Study: Cancer Patients with Strong Religious or Spiritual Beliefs Report Better Health

happy woman walking with arms spread through field of wheat

When Gregg Carr was diagnosed with lung cancer, he turned to his faith to help him find meaning during difficult times. “This cancer has helped me renew my spirituality. I’m convinced God wants me to help more people,” said Carr. After 4 months of aggressive and often painful treatment, Carr says he now feels well enough to return to work. In his small town in Illinois, he often counsels others facing their own cancer diagnosis.

Carr is far from alone in finding comfort and meaning through religion during cancer diagnosis, treatment, and recovery. According to the US Centers for Disease Control and Prevention (CDC), 69% of cancer patients say they pray for their health. A recent study published in Cancer, a peer-reviewed journal of the American Cancer Society, suggests a link between religious or spiritual beliefs and better physical health reported among patients with cancer.

“In our observational study, we found people who found feelings of transcendence or meaningfulness or peace reported feeling the least physical problems,” said lead author Heather Jim, PhD. “A lot of cancer patients have a reaction when diagnosed of ‘Why me?’ or feel like they’re being punished or get angry. This is a normal part of coming to terms with a cancer diagnosis.”

For the report, researchers from Moffitt Cancer Center and colleagues looked at the results of several published studies on the topic, which included more than 32,000 cancer patients combined. They found a link between patients with higher levels of spiritual well-being and reporting better physical health. The researchers did not look at whether spiritual well-being affected patient survival or cancer recurrence.

The authors defined religion as belonging to a religious organization and attending organized services, while spirituality is a connection to a force larger than oneself. For some people, religion is an expression of their spirituality, while others find spirituality outside of organized religion.

The authors say religion and spirituality can help cancer patients find meaning in their illness and provide comfort in the face of fear. These patients might also be more likely to get practical help that aids in their recovery, because they are often connected to a community of people who share their beliefs and can provide meals, help around the house, rides to medical appointments, and other types of hands-on care.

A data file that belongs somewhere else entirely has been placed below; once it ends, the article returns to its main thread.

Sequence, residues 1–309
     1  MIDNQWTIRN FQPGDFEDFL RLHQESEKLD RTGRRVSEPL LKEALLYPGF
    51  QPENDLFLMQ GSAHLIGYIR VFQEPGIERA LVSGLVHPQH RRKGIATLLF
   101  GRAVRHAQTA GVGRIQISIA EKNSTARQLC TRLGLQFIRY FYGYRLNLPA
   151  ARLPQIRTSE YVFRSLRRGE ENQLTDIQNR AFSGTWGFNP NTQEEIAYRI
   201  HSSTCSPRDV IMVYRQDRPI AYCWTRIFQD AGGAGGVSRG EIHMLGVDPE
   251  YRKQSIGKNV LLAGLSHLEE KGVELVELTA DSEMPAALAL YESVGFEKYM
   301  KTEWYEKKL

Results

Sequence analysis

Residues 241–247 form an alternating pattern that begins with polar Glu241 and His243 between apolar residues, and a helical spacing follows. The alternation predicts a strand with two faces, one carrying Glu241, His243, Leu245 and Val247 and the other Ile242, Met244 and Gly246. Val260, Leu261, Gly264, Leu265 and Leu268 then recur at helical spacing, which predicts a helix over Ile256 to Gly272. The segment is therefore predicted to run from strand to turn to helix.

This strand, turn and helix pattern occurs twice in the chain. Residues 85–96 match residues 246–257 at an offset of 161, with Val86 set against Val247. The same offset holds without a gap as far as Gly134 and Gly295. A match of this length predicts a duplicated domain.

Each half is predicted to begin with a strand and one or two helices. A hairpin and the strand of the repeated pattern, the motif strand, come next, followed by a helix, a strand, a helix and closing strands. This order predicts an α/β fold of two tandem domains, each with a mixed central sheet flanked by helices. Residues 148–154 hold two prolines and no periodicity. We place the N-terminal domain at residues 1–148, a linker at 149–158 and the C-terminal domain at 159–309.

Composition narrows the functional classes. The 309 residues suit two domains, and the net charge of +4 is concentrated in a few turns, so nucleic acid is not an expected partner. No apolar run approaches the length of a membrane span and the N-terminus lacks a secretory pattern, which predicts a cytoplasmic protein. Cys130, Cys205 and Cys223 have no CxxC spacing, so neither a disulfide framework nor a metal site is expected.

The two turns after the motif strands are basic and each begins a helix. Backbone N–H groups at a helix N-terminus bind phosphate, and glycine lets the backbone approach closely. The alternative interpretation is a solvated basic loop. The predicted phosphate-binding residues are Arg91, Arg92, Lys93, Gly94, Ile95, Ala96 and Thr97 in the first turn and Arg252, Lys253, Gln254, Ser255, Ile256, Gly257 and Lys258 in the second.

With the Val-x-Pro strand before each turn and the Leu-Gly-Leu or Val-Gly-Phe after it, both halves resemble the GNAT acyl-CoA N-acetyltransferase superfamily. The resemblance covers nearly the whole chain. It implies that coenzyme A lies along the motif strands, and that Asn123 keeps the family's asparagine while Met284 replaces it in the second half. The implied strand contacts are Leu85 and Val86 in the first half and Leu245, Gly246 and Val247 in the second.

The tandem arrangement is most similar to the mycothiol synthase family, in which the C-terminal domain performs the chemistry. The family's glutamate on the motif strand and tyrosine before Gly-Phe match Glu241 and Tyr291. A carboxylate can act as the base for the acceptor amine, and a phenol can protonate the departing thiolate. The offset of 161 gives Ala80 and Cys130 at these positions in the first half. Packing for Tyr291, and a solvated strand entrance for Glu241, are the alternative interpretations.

Coping with cancer

According to the National Comprehensive Cancer Network (NCCN), while a cancer diagnosis can encourage some people to renew their faith, it can have the opposite effect on others. For them, a diagnosis can challenge their faith and make them doubt their beliefs or religious values. They may become angry at God or doubt the existence of a higher power. The NCCN says feeling this way can make it harder for patients to cope with cancer and its treatment. It can be helpful and healthy to talk to someone who can understand these feelings of doubt and anger.

Jim adds that there are ways for people who are non-believers or who are not affiliated with an organized religion to benefit from the findings of the study.

“People can think about what’s meaningful to them, what brings them a sense of peace and tranquility. It’s different for everyone,” said Jim. “Meditating, getting out in nature, spending time with loved ones, and volunteering are all associated with positive health benefits.”

The American Cancer Society medical and editorial content team
Our team is made up of doctors and master’s-prepared nurses with deep knowledge of cancer care as well as journalists, editors, and translators with extensive experience in medical writing.

Religion, Spirituality, and Physical Health in Cancer Patients: A Meta-Analysis. Published online August 10, 2015 in Cancer. First author Heather S. L. Jim, PhD, Moffit Cancer Center, Tampa, Fla.


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